density-dependent during drought, the effect of high pre-drought livestock numbers
needs to be taken into consideration. Reducing livestock numbers before they reach
densities where they exacerbate drought mortality, as suggested by Desta and
Coppock (2002), would be an appropriate strategy under these conditions.
Management of livestock numbers in response to drought must take into account
the variables of interest to pastoralists—i.e. the benefits derived from the livestock
herd in the years between droughts, and the survival and recovery of the herd during
and after the drought. To the livestock owner, the percentage mortality of the
regional herd is not so much of interest as the number of animals per household that
survives the drought. If the number of livestock surviving a drought is the same
regardless of initial density, and the benefits derived from livestock are proportional
to livestock number, a strategy of maximizing livestock numbers between droughts
would be sensible. This results in a higher percentage mortality, as well as a greater
number of livestock lost, but greater benefits derived between droughts and the same
number of livestock after the drought. This scenario assumes that there are no short-
or long-term effects on the vegetation if livestock numbers are high at the onset of
drought. Short-term effects on vegetation productivity affect post-drought recovery
of livestock, while long-term effects are of concern for the long-term sustainability of
maintaining high stocking rates. Very often, there is a mismatch of the time-scale on
which the benefits (short-term) and costs (long-term) of heavy grazing occur.
In the short term, the benefits commonly exceed the costs, favouring the
maintenance of high stocking rates even when there is a long-term risk of
degradation (Ash et al., 2002).
It is argued that appropriate management in climatically variable grazing systems
should aim at supporting flexible responses to droughts, such as pre-empting
drought mortality by marketing surplus animals, and offering opportunities to re-
stock by buying in animals (Sandford, 1983;Toulmin, 1994;Behnke and Abel,
1996). Opportunistic strategies are being recognized as better alternatives to
constant, conservative stocking rates, even in commercial systems (Mentis et al.,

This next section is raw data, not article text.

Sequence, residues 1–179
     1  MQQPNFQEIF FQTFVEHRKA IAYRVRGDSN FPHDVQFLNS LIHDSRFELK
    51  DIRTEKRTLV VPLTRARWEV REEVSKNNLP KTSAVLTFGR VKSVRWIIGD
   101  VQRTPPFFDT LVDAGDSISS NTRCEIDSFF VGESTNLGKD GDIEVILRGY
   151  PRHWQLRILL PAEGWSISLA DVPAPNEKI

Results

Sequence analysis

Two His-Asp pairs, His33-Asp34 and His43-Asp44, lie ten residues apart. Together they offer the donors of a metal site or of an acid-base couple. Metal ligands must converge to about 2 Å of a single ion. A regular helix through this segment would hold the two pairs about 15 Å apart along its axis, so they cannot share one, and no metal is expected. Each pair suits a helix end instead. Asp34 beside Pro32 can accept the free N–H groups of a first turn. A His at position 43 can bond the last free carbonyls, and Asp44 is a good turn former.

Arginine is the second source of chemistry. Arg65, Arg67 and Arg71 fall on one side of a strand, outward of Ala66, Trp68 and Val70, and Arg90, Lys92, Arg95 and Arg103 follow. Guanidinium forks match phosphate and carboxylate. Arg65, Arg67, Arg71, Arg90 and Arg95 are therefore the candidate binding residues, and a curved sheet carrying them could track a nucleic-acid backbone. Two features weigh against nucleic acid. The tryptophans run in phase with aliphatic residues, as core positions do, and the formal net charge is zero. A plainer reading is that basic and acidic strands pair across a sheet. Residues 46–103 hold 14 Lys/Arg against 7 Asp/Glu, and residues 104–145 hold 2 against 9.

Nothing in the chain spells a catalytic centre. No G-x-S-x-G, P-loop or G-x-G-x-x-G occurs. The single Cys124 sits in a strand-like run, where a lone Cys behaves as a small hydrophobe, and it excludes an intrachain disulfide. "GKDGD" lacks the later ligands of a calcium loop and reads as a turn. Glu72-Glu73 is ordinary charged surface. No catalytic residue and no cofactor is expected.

1989;Danckwerts et al., 1993). However, the economic efficiency and environmental
sustainability of tight tracking strategies, particularly those which rely on buying
stock after droughts, are still debated (e.g. Sandford, 1994;Illius et al., 1998;
Campbell et al., 2000). Rainfall is such an important driving variable in rangeland
systems, and its variability so high, that simulation modelling is necessary for
exploring the economic outcomes of different stocking strategies. These outcomes
are influenced by the goods and commodities considered, the economic criteria used
to measure outputs and the sequence of wet and dry years over which the system is
modelled (Sandford, 2004).
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3.2. Dealing with spatial heterogeneity
Pastoral strategies also make use of spatial heterogeneity, as resource availability
and rainfall are not evenly distributed across the landscape (Sandford, 1983;Ellis
and Swift, 1988;Scoones, 1995) and spatial heterogeneity acts as a buffer to climatic
variability (Ash et al., 2002). Pastoralists in arid areas are usually mobile and will
move their animals to the best available grazing, covering different areas over the
course of the year and between years. Such movements may be in the form of
transhumance, which follows a more or less predictable pattern between wet and dry
season resources, or more opportunistic movement tracking less predictable patterns
of productivity, often caused by patchy rainfall patterns (Coughenour, 1991;Bayer
and Waters-Bayer, 1994;Niamir-Fuller and Turner, 1999;Fernandez-Gimenez and
Swift, 2003). These movement patterns are thought to enable farmers to maintain
high stocking rates even in dry years without putting continuous pressure on the
grazing resource throughout the year (Coughenour, 1991;Ellis et al., 1993;Stafford
Smith, 1996).
Many rangelands contain small, highly productive areas which make a
disproportionately large contribution to the area’s total forage production.
Examples are riverine areas and drainage lines, which support green grass
growth throughout most of the year, or croplands where animals can
graze on crop residues in the dry season. Such key resource areas may be
responsible for maintaining total animal numbers considerably higher than
the predicted carrying capacities, which are based on a homogeneous
landscape (Scoones, 1993, 1995). In areas where semi-arid rangelands border on
areas where crop production is possible, nomadic pastoralists and settled
agriculturalists may have mutually beneficial arrangements where livestock use crop
residues in the dry season, allowing the crop farmer to make use of manure. Where
such relationships break down, the total number of livestock that can be kept is
considerably reduced as exploitation of the entire rangeland by pastoralists relies on
mobility and access to crop residues in the dry season (Bayer and Waters-Bayer,
1994). The same happens when the most productive grazing areas are converted to
cropland, forcing pastoralists into increasingly marginal land without access to key
resources (Homewood and Rodgers, 1987;Scoones, 1990;Dodd, 1994;Desta and
Coppock, 2002).
Ellis and Swift (1988),Scoones (1990, p. 392),Ellis et al. (1993) and Bayer
and Waters-Bayer (1994) among others also stress that to persist through droughts,
pastoralists need to be able to expand their operations into areas not normally used
for grazing, and to gain access to outside resources. Neighbouring pastoral